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The Obama administration has approved the sale of 106 Airbus planes to Iran. But the move rests on precarious ground as US President-elect Donald Trump is likely to overturn it when he takes charge in January.
The United States has reportedly issued a license to France's Airbus for the sale of 106 commercial aircraft to Iran Air, the Islamic country's flagship carrier.
"We confirm that we have received our second license from the US Office of Foreign Control Assets following the agreement [with iran Air] signed in January 2016 in Paris," Airbus told AFP news agency in a statement.
In September, Airbus received a US approval to sell 17 planes, with a second license covering the rest of the order, AFP quoted an unnamed source as saying. The planes included A320 and the long-range A-330 jetliners and was worth between 10 and 11 billion dollars.
Although based in France, Airbus requires US approval to sell its aircraft as 10 percent of its components are American-made.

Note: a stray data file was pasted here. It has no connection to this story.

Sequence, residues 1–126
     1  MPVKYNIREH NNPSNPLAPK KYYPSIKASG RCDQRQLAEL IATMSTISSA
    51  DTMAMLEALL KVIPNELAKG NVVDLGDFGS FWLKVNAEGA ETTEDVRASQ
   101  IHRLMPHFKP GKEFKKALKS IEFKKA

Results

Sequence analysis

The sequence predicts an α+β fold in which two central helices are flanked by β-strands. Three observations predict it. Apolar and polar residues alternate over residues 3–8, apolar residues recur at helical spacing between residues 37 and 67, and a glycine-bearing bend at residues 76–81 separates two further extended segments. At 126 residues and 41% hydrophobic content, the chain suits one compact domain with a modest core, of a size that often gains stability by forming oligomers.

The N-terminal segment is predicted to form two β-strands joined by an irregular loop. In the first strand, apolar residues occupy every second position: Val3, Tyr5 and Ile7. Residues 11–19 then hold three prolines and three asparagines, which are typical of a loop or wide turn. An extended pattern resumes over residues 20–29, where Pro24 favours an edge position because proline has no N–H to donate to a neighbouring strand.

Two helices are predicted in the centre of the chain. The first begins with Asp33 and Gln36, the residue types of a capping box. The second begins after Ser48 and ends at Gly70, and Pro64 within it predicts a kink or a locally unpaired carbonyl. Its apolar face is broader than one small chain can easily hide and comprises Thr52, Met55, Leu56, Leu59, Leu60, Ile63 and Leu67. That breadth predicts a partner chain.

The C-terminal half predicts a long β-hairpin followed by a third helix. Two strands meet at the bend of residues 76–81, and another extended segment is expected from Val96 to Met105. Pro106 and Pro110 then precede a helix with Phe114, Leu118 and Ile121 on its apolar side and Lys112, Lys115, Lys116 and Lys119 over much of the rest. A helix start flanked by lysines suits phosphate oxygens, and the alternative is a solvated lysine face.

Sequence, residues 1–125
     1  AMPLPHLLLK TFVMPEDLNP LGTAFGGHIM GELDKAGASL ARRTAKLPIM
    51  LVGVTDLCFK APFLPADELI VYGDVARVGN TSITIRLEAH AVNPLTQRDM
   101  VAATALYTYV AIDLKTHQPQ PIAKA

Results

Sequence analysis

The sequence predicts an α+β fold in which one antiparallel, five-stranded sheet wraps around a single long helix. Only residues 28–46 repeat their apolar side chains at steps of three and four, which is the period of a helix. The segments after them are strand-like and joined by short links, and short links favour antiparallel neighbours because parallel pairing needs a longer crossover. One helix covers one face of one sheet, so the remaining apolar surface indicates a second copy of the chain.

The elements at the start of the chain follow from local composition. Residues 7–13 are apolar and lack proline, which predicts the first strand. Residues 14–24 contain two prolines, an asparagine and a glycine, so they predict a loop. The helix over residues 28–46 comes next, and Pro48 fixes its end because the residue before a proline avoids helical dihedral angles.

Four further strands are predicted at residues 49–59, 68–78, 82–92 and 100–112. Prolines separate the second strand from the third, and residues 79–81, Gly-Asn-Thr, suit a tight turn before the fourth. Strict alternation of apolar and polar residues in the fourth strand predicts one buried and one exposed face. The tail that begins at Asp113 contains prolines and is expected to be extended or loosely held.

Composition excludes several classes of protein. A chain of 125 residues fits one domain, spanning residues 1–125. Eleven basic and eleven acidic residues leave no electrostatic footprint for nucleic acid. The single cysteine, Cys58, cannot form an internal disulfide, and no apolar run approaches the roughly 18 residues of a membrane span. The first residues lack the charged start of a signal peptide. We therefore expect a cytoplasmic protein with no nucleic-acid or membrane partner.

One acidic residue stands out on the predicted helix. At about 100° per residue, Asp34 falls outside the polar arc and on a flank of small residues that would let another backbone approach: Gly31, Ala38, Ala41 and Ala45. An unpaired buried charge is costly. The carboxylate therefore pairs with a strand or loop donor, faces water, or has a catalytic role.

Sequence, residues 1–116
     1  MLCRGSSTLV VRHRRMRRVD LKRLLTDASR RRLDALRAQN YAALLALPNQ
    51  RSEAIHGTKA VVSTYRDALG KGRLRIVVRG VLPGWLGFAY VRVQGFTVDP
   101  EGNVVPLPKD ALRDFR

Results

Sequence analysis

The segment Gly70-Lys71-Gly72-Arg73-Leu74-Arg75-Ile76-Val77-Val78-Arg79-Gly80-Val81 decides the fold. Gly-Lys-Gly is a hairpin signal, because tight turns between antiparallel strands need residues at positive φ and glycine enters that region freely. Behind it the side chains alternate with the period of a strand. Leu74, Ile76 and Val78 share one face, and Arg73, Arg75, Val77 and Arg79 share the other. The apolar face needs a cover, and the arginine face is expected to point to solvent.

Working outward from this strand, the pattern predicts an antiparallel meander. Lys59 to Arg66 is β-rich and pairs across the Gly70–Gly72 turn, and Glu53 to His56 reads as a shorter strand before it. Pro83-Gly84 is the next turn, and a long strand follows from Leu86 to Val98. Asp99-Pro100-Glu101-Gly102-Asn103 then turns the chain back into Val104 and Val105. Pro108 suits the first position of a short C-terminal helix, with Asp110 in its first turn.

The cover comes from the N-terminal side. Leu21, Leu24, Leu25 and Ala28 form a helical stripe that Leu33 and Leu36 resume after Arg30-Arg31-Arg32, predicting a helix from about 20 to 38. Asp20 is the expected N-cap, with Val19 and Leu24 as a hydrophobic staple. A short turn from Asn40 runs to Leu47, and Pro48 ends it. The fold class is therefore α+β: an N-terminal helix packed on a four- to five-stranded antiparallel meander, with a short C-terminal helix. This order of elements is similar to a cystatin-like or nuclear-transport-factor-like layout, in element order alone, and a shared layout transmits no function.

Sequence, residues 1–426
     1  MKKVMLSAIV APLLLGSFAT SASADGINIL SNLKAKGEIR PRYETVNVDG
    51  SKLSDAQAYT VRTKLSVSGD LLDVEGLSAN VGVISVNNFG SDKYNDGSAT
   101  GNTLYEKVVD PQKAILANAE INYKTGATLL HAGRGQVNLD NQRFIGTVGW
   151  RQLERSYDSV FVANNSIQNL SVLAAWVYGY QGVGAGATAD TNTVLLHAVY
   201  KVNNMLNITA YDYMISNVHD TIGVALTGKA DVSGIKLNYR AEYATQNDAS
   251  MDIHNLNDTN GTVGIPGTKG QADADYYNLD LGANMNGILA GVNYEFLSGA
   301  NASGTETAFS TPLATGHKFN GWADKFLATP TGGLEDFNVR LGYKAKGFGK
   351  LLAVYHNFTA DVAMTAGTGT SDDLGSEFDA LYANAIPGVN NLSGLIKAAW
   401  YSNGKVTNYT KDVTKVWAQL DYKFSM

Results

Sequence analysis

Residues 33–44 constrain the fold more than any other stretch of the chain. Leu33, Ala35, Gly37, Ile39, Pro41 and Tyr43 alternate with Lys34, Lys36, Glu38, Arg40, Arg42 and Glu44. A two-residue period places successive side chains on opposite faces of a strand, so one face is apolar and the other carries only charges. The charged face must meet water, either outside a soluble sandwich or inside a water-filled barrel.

Hoping to replace its aging fleet, Iran agreed to purchase planes from Airbus and its US competitor Boeing worth billions of dollars. The planes are not intended for Iran's Mahan Air, a company backed by the country's Revolutionary Guard.
But President Barack Obama's latest move to engage with Iran is likely to irk Republicans in the US Congress and President-elect Donald Trump, who said he would nullify the 2015 international nuclear deal with Tehran. The agreement allows US and European companies to engage in commercial activities with the Islamic republic.
Last week, the Republican-controlled House of Representatives barred the sale of commercial aircraft to Iran. The bill must now pass through the Senate and will likely face opposition from Democrats. According to the White House, President Obama would veto the bill if it reaches him, but Iran-critic Trump could choose to withdraw the license.
In a letter to Obama, House Speaker Paul Ryan and two other Republican lawmakers urged the president "not to take any action that would weaken United States or multilateral sanctions or other restrictions against Iran in this post-election period."
"We respectfully request that your administration take no further actions designed to bolster international investment in Iran," said the letter. A smooth transition, it said, means providing the president-elect the "opportunity to assess United States policy toward Iran" without new complications.
Major European banks could also refuse to finance the airplane deals with Iran.
shs/mg (Reuters, AP)